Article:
With this in place, every node added to the network will increase the transaction throughput instantly. So basically, by simply adding more nodes from the network’s ‘standby’ validator pool during peak demand, the TPS will increase proportionally making Shardeum the first Web3 network to scale linearly. And this is the main X factor that impacts every other outcome on a blockchain network favorably including throughput, decentralization, security and constant transaction fees irrespective of the demand in the network.
That’s how Shardeum’s underlying protocol, Shardus, was able to demonstrate 500 TPS with 100 nodes over the last 3 years. Shardeum is aiming to enable up to 1 TPS or more per node which will be a huge breakthrough for the Web3 ecosystem. Even with 2k active nodes on existing blockchain networks, we can only see them process an average of 350 TPS at best when Web2 peers like PayPal and Visa processes an average of 5000 TPS every day. Shardeum’s idea is to mobilize millions of nodes eventually which can process over 1 million TPS to realistically host a ton of dApps providing products and services to billions of users thereby eliminating middlemen taking advantage of our data/privacy.
Consensus Algorithm on Shardeum
Now, let’s take a look into the consensus algorithm deployed on Shardeum. Transactions are verified/updated through an innovative consensus mechanism called PoQ or Proof-of-Quorum. As opposed to PoW and other consensus algorithms in use today, nodes in PoQ validate the transactions individually as soon as they are received in FCFS basis. This is followed by gossiping the transactions to all the other nodes within a consensus group on the network instead of every node on the network.
Every node, essentially, will know that every other node in the consensus group knows about a particular transaction. This enables a trustless collection of votes (or quorum) in the form of receipts. And when there are more than 50% of the receipts, each transaction is confirmed/updated on the network. Individual transactions, as such, will be grouped together before they are passed on to the archive nodes.
Shardeum will operate by combining both PoQ and PoS (Proof of Stake) for consensus to increase network security. Nodes aiming to operate on the network will need to stake a minimum number of network coins so potential misbehaviors are slashed.
The consensus algorithm will also play a key role in assigning a ‘node ID’ randomly to validator nodes before they join the network. On Shardeum, there will be a third set of nodes apart from validator and archive nodes, called ‘standby nodes’. These are nodes waiting for their turn to be validator nodes. Standby nodes use-case on Shardeum is not limited to just accommodating more capacity when the demand surges. With the help of node IDs, the network will constantly auto-rotate the validator and standby nodes to make it even more difficult for bad actors to take over at any given point in time.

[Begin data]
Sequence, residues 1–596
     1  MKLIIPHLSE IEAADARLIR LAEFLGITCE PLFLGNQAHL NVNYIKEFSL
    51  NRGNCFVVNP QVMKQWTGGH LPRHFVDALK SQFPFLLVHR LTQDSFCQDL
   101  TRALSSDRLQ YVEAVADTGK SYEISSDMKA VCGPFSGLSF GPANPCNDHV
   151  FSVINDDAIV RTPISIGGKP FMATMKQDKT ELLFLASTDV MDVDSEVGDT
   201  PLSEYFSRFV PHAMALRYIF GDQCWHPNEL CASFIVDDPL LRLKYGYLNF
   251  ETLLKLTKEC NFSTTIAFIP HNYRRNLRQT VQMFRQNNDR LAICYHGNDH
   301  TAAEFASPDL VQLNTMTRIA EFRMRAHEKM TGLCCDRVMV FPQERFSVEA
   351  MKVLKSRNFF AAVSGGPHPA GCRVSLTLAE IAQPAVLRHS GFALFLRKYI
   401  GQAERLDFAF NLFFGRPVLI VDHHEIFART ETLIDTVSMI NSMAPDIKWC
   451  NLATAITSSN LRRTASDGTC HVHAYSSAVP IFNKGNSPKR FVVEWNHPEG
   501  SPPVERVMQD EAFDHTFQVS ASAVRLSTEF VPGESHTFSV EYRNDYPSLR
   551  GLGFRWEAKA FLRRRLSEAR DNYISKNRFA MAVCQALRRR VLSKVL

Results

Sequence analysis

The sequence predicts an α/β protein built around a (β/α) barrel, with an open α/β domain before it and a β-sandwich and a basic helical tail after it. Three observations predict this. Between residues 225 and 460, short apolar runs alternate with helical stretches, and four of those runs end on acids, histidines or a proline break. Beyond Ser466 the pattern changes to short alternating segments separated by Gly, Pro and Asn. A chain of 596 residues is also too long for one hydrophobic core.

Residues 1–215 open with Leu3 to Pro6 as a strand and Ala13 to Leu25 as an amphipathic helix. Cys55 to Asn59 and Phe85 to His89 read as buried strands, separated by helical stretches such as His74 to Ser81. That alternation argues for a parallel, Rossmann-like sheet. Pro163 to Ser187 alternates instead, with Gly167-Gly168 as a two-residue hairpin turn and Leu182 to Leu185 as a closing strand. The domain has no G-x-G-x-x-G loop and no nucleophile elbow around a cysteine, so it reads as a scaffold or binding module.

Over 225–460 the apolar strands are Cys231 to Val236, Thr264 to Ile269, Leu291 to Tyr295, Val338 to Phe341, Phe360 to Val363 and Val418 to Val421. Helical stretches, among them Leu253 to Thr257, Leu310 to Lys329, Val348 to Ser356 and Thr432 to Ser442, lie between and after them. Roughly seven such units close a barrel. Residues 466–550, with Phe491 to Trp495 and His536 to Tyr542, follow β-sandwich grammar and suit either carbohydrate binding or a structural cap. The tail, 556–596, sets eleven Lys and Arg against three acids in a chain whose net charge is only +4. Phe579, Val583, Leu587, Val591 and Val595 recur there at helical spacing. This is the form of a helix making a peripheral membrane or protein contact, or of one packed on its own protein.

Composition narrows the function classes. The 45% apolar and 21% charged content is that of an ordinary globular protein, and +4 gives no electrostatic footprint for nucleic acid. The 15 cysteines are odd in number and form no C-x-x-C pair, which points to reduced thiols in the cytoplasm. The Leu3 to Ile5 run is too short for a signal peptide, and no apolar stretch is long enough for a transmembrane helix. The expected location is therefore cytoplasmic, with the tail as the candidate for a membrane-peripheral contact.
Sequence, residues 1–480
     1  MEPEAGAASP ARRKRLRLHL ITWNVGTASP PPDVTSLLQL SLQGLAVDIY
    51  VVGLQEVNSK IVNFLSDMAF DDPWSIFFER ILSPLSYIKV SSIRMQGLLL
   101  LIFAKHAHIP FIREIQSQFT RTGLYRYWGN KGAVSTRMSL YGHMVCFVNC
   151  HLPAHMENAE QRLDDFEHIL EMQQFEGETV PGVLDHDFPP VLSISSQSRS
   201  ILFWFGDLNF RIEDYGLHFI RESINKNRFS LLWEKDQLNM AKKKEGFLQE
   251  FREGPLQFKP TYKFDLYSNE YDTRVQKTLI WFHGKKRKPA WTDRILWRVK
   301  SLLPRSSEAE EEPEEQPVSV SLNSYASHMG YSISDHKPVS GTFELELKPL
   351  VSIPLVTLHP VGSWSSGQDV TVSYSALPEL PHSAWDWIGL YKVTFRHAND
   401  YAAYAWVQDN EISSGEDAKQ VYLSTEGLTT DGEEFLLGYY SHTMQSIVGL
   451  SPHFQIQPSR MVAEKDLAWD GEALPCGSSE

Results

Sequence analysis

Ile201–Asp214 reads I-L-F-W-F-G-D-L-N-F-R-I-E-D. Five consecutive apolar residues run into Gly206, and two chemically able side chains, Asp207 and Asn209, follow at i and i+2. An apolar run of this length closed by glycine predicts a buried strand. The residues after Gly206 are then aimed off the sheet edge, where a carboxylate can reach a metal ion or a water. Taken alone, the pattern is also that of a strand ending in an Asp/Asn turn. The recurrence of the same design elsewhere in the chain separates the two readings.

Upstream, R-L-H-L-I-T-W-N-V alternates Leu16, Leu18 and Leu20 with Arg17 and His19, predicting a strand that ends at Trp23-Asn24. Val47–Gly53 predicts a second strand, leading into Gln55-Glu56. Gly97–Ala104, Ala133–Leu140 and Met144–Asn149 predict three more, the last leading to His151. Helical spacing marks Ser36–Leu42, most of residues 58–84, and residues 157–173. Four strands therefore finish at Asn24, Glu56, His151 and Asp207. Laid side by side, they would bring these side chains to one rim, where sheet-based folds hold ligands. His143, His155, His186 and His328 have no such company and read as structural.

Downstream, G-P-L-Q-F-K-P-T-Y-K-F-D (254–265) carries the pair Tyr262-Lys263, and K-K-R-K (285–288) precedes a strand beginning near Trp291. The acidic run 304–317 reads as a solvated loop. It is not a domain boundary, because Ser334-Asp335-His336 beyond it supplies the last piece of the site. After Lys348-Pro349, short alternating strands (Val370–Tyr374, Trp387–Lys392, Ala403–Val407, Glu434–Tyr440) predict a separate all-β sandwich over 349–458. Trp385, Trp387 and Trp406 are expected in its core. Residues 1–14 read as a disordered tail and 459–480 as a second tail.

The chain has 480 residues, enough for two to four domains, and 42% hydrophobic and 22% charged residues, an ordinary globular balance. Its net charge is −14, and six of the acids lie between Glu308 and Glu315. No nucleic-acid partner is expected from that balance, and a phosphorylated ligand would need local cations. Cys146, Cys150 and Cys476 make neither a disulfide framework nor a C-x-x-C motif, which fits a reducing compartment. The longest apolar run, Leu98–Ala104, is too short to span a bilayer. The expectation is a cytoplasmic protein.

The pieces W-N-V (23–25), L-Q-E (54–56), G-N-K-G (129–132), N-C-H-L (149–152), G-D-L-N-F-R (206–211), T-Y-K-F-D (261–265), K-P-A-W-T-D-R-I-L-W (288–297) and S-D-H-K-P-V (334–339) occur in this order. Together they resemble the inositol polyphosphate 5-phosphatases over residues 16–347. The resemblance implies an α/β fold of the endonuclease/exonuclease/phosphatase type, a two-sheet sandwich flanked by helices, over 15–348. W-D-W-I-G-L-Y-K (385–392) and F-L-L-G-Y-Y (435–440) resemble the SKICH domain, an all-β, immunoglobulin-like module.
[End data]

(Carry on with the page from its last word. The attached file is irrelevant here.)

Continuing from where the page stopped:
Autoscaling & Anyone Can Operate a Node
Auto-scaling, essentially, enables the network to independently scale up or down its capacity proportional to the demand. Auto-scaling is crucial because when you build a network, it should ideally be able to self-govern the number of nodes it needs to properly incentivize. Shardeum’s protocol auto-detects the current capacity on the network and will work its way towards an ideal number of active validator nodes either by adding or removing from/to standby nodes pool and scaling its shard size accordingly.
Further, Shardeum will make it easy for average people to join the network and operate a node with minimal resources and compute requirements to maximize decentralization. As mentioned previously, the validator nodes on the network, who are responsible to process transactions sent by end users, would need to maintain only the current state within a shard (pertaining to those transactions they handle) while the historical data will be offloaded to archive nodes on the network. With reasonable staking amount and affordable hardware, you can also run a node on the network and keep it safe in return for network tokens. This helps the network to achieve another core objective — scaling horizontally while reinforcing its security quotient.
Shardeum’s guiding principle is OCC which is short for Open, Collaborative and Community Driven. Anyone anywhere in the world can join Shardeum and its movement to operate transparently and help reach its milestones. You can find the roadmap of the project on the website here. Further, the network is EVM-based which is developer friendly and as a developer, you will never have to worry about rising gas fees again to enrich UX of the dApps you build on Shardeum.
Shardeum co-founders maintain that they not trying to compete with other L1 networks. Instead, Shardeum is keen to be the light at the end of tunnel for existing and future Web3 platforms by disrupting the way blockchain is utilized, or rather, under-utilized today. The project is hyper-focused to deliver a pivotal transformation in the Web3 movement and it recognizes today’s youth are willing to be part of an active generation and make steady progress towards a more equitable world.
Shardeum Foundation, a non profit organization behind the project, will also seek to learn from its peers, while also inspiring them to decentralize industries at a global scale and empower dApps ecosystem to prepare for serving billions of users in this decade. With that, Shardeum will come closer to Web3’s larger agenda – when a trustless society becomes reality, where you don’t have to necessarily bank (no pun intended) on an intermediary to include you or exclude you. Shardeum will open-source its code and release its whitepaper in Q1 of 2023. You can find the premise of the protocol and its technology documented in its litepaper.